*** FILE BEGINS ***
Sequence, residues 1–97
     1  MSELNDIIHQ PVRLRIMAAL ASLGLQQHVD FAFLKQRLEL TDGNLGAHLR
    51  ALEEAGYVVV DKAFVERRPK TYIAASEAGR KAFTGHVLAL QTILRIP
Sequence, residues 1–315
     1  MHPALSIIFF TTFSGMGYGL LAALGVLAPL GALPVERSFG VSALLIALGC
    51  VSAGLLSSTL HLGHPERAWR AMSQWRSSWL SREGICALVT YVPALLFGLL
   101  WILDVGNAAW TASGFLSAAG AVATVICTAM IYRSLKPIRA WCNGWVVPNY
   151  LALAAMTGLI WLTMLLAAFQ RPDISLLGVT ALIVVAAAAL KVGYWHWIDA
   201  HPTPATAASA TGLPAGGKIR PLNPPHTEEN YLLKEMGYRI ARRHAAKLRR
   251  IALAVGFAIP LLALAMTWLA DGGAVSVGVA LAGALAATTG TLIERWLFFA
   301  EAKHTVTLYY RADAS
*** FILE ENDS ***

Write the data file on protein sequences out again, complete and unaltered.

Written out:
Sequence, residues 1–97
     1  MSELNDIIHQ PVRLRIMAAL ASLGLQQHVD FAFLKQRLEL TDGNLGAHLR
    51  ALEEAGYVVV DKAFVERRPK TYIAASEAGR KAFTGHVLAL QTILRIP
Sequence, residues 1–315
     1  MHPALSIIFF TTFSGMGYGL LAALGVLAPL GALPVERSFG VSALLIALGC
    51  VSAGLLSSTL HLGHPERAWR AMSQWRSSWL SREGICALVT YVPALLFGLL
   101  WILDVGNAAW TASGFLSAAG AVATVICTAM IYRSLKPIRA WCNGWVVPNY
   151  LALAAMTGLI WLTMLLAAFQ RPDISLLGVT ALIVVAAAAL KVGYWHWIDA
   201  HPTPATAASA TGLPAGGKIR PLNPPHTEEN YLLKEMGYRI ARRHAAKLRR
   251  IALAVGFAIP LLALAMTWLA DGGAVSVGVA LAGALAATTG TLIERWLFFA
   301  EAKHTVTLYY RADAS